I am Wang Juanping, the Executive Director of the Labour Rights Association, and I have been long involved in the labor movement.
After graduating from university, I noticed that despite getting a good education, many of my classmates struggled to find work unless they had a strong family background. Even those who graduated from postgraduate studies ended up working as salespersons. Those with better family connections could find jobs immediately. I felt that society was not fair.
My first job was in an electronics factory. I was deeply impressed by the unfairness of the overtime pay. The base salary was around 15,000 Taiwan dollars, but the overtime pay was not calculated by the hour. Instead, you would receive 50 dollars after working several hours of overtime. The boss would tell you, “Go have a late-night snack.” It was not calculated according to the wage.
I left that company and joined the Labour Party to fight for labor rights. I realized that many people were not aware of labor laws. To fight for labor rights, you must understand labor laws. Hence, I started studying labor laws and continued to participate in the movement, educating more people about labor rights and encouraging them to form unions.
In the beginning, I learned from seniors how to fight for workers’ rights. First, you need to understand labor laws. Like a doctor, you need to diagnose the problems workers face during labor disputes. What are the damages they have suffered? How can we fight for their rights? What is the purpose of the labor movement? Many people don’t know why they are fighting, but we do. We are fighting for national liberation and class liberation. That’s how I started getting involved in the labor movement.
The most shocking experience was during the election of the Taiwan Railway Union. The labor line was strong, and the KMT’s party department had received the message. They used the meeting rules to obstruct the entire agenda. A worker representative jumped onto the stage to fight for procedural fairness. I saw the railway police, who were sent by the railway bureau, enter the venue and arrest this person.
The whole process shocked me greatly. After being released, the man could not speak. He said, “Don’t ask me anything, I need to go home quickly.” Later, I learned that he was tased during his arrest. He was too scared to speak, a very terrifying situation. His fear and haste to get home left a deep impression on me.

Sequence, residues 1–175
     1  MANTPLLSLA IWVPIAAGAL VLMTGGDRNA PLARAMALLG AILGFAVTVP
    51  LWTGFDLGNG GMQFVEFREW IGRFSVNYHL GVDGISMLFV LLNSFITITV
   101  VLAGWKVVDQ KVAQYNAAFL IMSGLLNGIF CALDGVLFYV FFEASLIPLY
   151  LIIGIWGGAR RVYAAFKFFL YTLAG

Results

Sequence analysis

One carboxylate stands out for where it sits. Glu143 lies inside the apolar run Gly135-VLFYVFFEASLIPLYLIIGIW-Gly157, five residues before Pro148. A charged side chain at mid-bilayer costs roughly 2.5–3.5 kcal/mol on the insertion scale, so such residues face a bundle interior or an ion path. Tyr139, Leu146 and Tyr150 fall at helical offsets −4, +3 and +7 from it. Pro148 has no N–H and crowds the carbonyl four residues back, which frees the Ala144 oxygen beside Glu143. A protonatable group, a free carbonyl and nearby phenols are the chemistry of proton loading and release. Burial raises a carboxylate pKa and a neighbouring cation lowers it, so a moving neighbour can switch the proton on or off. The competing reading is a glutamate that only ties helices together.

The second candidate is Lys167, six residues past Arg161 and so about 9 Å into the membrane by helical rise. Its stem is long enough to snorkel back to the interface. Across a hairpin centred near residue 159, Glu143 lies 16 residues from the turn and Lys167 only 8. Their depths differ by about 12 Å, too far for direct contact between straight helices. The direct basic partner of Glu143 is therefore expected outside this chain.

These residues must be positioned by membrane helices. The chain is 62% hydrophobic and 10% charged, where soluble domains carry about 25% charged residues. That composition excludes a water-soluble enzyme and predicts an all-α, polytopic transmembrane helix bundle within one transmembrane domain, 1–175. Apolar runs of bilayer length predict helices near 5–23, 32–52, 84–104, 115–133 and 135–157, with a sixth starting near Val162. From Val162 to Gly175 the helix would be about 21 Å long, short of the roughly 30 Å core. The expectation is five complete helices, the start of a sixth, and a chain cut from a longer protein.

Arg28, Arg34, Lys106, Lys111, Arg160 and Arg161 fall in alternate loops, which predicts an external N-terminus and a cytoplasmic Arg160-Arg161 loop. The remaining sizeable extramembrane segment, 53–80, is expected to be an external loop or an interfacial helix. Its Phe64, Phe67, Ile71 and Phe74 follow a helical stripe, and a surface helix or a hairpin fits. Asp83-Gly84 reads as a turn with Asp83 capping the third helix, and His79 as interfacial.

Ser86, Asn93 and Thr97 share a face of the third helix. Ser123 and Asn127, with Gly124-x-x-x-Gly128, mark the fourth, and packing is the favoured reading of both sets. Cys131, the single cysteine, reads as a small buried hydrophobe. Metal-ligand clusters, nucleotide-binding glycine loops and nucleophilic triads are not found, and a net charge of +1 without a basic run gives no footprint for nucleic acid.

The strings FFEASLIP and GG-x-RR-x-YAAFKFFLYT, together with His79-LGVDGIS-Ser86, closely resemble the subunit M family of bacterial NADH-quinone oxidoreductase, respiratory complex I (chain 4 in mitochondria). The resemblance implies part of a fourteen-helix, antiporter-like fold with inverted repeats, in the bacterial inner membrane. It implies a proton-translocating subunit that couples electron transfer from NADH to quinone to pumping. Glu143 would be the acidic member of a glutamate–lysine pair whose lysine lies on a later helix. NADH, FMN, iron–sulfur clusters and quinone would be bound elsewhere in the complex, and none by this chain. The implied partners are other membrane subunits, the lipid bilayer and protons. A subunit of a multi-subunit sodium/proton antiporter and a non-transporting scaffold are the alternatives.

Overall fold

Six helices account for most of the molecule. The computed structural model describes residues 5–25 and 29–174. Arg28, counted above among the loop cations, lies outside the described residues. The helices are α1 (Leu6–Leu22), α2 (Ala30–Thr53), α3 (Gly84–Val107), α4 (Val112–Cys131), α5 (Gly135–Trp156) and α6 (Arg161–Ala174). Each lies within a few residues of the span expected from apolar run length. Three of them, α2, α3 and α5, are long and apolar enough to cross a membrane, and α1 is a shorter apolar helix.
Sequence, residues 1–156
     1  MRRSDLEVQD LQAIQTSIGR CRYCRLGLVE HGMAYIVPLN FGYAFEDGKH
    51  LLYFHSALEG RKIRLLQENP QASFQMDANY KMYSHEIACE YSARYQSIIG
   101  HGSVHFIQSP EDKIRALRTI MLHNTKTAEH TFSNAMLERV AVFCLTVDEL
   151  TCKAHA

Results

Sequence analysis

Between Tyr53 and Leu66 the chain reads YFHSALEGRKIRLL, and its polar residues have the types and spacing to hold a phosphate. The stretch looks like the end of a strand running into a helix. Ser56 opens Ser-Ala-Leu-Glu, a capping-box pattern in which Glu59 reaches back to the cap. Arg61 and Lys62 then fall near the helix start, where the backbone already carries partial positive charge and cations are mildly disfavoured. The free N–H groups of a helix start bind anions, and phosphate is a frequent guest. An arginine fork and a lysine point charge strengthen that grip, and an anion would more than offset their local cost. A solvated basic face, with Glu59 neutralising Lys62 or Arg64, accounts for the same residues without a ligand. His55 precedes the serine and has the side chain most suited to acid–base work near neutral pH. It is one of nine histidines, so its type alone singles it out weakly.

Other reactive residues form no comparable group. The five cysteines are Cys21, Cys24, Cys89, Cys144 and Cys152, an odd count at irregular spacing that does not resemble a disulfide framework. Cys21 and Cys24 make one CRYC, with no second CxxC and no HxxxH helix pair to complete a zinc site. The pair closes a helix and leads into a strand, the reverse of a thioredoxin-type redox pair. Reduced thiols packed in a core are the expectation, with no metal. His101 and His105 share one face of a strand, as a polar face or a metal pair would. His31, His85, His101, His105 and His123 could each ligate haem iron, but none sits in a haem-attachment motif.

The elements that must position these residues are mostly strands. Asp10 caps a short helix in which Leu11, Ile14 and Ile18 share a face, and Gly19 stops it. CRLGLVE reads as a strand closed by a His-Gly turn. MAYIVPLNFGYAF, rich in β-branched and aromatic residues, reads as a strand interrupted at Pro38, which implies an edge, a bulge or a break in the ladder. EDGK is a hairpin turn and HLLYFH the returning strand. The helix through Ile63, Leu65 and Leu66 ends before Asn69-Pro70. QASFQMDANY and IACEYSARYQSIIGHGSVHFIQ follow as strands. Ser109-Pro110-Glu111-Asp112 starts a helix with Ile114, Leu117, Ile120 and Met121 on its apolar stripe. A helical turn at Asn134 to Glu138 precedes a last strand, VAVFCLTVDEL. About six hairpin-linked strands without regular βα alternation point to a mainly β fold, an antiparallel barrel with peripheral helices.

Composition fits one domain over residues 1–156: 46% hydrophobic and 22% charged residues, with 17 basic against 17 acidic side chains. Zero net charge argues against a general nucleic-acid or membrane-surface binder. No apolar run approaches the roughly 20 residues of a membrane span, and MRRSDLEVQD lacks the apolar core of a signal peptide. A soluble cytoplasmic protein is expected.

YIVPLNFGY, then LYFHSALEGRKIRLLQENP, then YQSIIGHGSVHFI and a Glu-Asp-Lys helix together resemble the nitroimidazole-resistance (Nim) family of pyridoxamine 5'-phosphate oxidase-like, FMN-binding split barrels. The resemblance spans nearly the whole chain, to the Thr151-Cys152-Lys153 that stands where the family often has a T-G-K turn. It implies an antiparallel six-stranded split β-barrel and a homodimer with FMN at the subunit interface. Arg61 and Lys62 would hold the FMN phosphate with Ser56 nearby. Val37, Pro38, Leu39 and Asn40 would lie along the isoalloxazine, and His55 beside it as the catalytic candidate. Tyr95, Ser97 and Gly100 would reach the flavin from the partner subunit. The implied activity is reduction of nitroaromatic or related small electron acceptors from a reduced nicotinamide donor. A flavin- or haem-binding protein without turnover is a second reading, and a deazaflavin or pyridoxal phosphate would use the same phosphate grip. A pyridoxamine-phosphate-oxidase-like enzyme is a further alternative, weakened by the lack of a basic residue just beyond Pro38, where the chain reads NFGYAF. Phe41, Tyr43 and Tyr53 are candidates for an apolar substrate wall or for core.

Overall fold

I realized that fighting for workers’ rights is not easy, and it’s particularly challenging to form an autonomous union. The labor movement in Taiwan is not easy.
Taiwan’s labor movement is very important, inspired by labor history. It’s tough now. Taiwanese workers have always been suppressed because their demands are low, and they only engage in legal struggles.
Workers’ consciousness is crucial. First, workers are reserved about political participation because they don’t know how to express themselves. Secondly, the organization rate is low. Of the 12 million workers, only about 500,000 have joined unions. So, communication with unions involves very few people. Small unions with fewer than 30 people account for 97%, meaning only 3% of unions have more than 30 members.
Moreover, some people in the labor movement support the Democratic Progressive Party. They can’t discuss some issues well and can’t fight for the future of workers. There are also some people without political positions. They don’t know what they’re doing in the labor movement. After fighting for workers to get their unpaid wages from businesses, they don’t know what to do next. The infighting within unions is fierce, and those who take charge may not always stand on the workers’ side.
During the long period of martial law in Taiwan, it was such that you couldn’t gather and discuss matters with two other people. If three people were found discussing and someone reported it, they might have ended up in prison. After the lifting of martial law, related activities could be organized and relevant rights could be fought for. There was labor law at that time, but people didn’t know how to fight for their rights.